Pair of Wool­wich teams head­ing to FIRST Robotics World Cham­pi­onships

The Woolwich Observer - - NEWS -

LIV­ING UP TO THE Water­loo Re­gion’s rep­u­ta­tion as a cen­tre of tech­nol­ogy and in­no­va­tion, two high school teams from Wool­wich Town­ship held their own at this week­end’s FIRST Robotics pro­vin­cial com­pe­ti­tion.

EDSS and Wood­land Chris­tian High School both qual­i­fied for the world level First Robotics Cham­pi­onships in Detroit next week, while EDSS emerged as the On­tario Tech­nol­ogy Di­vi­sion champs.

For EDSS’ Team 4917, Sir Lancer­bot, the sea­son has been a tremen­dous suc­cess thus far. The team swept the dis­trict level com­pe­ti­tions in Water­loo and North Bay ear­lier in the sea­son, tak­ing first place in both. And, af­ter their strong show­ing at the On­tario con­test, which was held over the week­end at the Her­shey Cen­tre in Mis­sis­sauga, the team is now ranked in third place in the prov­ince.

Not to be out­done, the com­par­a­tively smaller Wood­land Chris­tian High School, Team 4678, have nonethe­less had a big im­pact on the robotics scene as well, rank­ing 19th in the prov­ince. Over the sea­son, the Cy­berCavs made the semi-fi­nals of ev­ery com­pe­ti­tion they com­peted in all the way into the provin­cials, notes the school’s prin­ci­pal John VanPelt.

“The kids are re­ally happy with the way things have gone,” he said. “This has been a de­vel­op­ing pro­gram and a fair amount of en­ergy has been put into it, and we’ve seen quite ex­cit­ing re­sults over the last num­ber of years as well.”

Just com­pet­ing in the tour­na­ment, let alone mak­ing it to the world cham­pi­onships, is a tremen­dous feat as teams of high school stu­dents are granted just six weeks to de­sign and build a fully fledged ro­bot.

The ma­chine has to be able to per­form flaw­lessly at the com­pe­ti­tions in a wide range of com­plex tasks, from lift­ing and ar­rang­ing boxes to ma­nip­u­lat­ing levers, to a climb por­tion that sees the 100-pound robots grab onto a ledge and hoist it­self into the air. The robots are mostly re­mote con­trolled, but the teams are also tasked with mak­ing their cre­ations be­have com­pletely au­tonomously dur­ing cer­tain sec­tions of the com­pe­ti­tion.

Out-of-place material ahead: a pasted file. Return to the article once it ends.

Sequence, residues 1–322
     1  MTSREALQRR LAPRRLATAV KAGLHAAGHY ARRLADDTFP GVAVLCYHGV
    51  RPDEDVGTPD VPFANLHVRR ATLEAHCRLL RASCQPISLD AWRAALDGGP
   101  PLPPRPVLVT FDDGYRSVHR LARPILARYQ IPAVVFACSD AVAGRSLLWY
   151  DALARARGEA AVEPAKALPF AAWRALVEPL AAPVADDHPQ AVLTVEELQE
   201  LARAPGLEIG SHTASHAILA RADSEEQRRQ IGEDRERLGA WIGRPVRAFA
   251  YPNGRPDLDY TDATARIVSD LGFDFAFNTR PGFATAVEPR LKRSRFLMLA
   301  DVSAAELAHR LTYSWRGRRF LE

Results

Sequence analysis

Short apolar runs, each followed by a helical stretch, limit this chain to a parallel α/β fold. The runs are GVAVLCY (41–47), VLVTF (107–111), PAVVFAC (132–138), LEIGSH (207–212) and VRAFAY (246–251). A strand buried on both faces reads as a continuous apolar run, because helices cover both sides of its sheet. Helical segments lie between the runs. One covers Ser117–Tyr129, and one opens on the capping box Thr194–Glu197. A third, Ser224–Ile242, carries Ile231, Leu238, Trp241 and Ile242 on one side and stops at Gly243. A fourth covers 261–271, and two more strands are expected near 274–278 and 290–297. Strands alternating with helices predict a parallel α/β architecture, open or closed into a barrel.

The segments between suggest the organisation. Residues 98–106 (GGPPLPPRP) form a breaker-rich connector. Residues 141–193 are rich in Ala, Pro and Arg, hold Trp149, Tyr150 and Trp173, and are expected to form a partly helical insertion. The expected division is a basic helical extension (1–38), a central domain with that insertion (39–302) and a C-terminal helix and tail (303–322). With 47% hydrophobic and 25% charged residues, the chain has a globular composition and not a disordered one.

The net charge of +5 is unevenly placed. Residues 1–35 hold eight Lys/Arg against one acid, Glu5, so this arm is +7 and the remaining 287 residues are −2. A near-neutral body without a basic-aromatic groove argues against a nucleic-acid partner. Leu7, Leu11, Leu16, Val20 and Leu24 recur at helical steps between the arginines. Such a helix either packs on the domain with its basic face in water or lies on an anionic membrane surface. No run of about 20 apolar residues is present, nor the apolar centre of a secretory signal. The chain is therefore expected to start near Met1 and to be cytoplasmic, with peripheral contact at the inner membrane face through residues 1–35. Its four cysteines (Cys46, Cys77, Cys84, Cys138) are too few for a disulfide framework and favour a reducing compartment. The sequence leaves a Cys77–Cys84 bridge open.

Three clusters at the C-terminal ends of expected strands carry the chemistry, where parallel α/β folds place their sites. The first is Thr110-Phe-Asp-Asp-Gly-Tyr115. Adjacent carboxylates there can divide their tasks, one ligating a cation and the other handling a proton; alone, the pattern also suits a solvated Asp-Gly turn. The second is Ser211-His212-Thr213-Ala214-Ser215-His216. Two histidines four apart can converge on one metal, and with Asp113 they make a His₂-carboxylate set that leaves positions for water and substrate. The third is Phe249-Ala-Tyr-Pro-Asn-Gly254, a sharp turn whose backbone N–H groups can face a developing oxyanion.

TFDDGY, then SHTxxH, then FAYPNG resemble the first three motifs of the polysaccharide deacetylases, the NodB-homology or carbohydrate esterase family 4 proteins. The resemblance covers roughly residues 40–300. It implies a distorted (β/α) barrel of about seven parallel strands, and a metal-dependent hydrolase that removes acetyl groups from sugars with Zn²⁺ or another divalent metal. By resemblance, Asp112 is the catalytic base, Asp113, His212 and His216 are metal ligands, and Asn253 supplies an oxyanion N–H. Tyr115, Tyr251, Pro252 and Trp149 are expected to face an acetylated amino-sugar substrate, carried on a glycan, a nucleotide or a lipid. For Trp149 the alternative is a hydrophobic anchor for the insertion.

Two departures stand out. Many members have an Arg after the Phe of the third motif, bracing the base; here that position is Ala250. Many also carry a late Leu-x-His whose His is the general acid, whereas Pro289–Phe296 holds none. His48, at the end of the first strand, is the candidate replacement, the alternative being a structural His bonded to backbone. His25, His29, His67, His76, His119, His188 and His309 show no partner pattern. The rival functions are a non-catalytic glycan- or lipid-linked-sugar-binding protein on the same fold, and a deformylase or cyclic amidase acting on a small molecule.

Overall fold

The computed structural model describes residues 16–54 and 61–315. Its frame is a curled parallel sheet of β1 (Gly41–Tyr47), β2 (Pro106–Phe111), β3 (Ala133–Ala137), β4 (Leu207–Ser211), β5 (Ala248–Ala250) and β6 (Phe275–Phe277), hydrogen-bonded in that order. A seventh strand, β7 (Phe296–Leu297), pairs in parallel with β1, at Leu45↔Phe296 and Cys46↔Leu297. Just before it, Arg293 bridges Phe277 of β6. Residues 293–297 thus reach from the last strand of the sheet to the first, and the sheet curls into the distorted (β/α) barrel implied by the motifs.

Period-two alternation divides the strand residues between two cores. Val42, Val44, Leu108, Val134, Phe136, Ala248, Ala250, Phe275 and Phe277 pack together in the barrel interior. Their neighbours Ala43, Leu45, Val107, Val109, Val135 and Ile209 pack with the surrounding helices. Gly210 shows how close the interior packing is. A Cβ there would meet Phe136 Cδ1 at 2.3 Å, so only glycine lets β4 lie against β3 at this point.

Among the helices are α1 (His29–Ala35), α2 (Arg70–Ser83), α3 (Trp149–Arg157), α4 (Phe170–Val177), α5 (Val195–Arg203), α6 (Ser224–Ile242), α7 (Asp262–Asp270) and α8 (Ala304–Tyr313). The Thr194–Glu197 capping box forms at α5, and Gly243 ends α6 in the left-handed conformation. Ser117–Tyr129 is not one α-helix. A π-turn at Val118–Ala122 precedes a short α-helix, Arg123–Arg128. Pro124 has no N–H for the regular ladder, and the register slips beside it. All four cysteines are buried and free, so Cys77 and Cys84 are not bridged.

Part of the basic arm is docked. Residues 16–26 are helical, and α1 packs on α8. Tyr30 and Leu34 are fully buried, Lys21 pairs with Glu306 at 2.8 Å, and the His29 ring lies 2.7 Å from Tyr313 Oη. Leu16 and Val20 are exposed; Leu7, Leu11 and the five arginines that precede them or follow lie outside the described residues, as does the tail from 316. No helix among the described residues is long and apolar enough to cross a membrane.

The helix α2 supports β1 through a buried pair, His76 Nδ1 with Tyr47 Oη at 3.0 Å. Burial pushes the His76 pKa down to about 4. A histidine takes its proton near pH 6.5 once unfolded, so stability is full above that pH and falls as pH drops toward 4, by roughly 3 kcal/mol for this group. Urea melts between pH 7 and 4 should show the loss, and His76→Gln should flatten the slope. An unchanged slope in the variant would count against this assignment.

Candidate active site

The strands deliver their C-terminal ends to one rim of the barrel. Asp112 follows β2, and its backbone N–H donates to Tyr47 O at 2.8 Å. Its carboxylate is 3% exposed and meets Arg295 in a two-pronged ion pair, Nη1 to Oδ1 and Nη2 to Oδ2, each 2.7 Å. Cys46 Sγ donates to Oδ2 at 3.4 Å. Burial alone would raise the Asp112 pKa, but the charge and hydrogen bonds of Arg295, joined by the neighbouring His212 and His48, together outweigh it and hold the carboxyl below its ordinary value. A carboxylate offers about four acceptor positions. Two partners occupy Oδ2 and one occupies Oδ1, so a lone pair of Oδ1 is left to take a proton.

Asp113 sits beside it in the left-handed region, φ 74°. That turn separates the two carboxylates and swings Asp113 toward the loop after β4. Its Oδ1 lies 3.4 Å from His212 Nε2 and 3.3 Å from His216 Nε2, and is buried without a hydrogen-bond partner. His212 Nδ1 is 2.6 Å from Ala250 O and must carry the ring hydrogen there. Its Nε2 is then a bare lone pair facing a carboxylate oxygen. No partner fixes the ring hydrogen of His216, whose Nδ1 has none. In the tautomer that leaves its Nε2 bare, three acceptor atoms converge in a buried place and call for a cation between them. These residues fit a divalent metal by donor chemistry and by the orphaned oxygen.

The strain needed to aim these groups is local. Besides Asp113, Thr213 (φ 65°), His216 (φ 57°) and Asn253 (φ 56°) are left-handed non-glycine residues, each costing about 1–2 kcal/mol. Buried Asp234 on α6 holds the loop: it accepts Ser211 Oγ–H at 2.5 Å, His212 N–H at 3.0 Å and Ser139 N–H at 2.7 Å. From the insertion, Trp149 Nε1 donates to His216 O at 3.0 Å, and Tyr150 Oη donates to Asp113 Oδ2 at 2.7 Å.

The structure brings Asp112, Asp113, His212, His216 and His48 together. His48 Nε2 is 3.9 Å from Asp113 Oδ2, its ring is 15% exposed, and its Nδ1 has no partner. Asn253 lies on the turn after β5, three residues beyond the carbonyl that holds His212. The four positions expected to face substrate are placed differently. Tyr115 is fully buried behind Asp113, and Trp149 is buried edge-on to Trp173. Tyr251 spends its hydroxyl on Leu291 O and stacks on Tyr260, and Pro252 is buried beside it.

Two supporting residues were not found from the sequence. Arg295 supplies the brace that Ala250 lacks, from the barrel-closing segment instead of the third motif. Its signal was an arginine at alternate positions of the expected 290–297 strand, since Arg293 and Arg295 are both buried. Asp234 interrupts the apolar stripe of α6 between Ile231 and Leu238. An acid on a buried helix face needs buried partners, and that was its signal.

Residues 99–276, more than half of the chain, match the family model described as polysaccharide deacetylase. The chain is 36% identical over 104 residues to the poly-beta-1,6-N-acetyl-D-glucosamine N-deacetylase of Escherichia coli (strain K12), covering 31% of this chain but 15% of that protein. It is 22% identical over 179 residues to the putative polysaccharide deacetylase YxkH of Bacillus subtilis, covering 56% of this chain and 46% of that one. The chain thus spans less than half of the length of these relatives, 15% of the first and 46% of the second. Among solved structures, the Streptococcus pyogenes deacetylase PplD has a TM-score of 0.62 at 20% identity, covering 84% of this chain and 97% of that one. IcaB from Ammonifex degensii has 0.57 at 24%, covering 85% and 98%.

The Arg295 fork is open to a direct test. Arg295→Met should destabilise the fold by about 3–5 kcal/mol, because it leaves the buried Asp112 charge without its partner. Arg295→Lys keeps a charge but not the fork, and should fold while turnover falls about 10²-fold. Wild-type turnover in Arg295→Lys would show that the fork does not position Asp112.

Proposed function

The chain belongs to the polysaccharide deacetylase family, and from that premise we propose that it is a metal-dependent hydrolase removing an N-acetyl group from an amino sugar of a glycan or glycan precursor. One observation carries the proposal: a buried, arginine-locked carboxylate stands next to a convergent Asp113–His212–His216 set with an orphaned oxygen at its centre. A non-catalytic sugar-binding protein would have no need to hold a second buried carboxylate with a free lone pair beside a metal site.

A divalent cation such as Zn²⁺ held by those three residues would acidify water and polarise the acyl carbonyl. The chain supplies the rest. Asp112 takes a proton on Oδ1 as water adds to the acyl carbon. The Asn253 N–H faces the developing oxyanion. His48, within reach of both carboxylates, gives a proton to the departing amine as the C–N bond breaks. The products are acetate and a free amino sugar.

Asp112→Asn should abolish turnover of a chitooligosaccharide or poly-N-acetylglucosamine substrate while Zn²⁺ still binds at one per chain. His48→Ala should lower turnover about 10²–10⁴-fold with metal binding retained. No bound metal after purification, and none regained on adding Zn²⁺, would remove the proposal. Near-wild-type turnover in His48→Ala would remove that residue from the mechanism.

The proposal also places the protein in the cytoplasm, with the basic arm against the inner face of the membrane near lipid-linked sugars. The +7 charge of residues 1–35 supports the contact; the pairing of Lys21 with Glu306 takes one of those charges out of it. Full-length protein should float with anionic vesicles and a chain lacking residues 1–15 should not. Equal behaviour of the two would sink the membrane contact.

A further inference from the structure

“There’s a lot of learn­ing that goes into it,” noted VanPelt. “You’re look­ing at un­der­stand­ing de­sign prin­ci­ples. You’re look­ing at un­der­stand­ing the ba­sics of pro­gram­ming, of build­ing, man­u­fac­tur­ing. But there’s a whole host of softer skills like col­lab­o­ra­tion, prob­lem-solv­ing, crit­i­cal think­ing, that go

into this as well.”

For EDSS coach Ron Fletcher, the change in stu­dents is marked as they start from scratch and see their ideas built from the ground up.

“I think first of all it re­ally builds a cer­tain amount of con­fi­dence,” said Fletcher. “It also is some­thing where there’s a real sense of sat­is­fac­tion that we did some­thing. We started with a plan, we set ob­jec­tives and we met those ob­jec­tives. And it’s ex­cit­ing when they come to fruition.”

He added, “There’s a lot of ma­tur­ing that hap­pens in the process and you do see a lot of that hap­pen with team mem­bers. We’ve got a lot of first-year mem­bers on the team this year as well, so to have an ex­pe­ri­ence like this for a first­time com­pe­ti­tion I think, for them, there’s that sense of, ‘wow, we had no idea.’”

Of course, both teams are ex­cited too to be trav­el­ling to the Detroit com­pe­ti­tion, which is run­ning from April 25 to 28 and will be host to al­most 400 teams.

It was ul­ti­mately the kids that did the leg­work, but Fletcher has to ex­tend his grat­i­tude to the en­tire com­mu­nity for help­ing get them there. “A huge, huge thank you to the com­mu­nity and so many of our lo­cal spon­sors that sup­port the team.”

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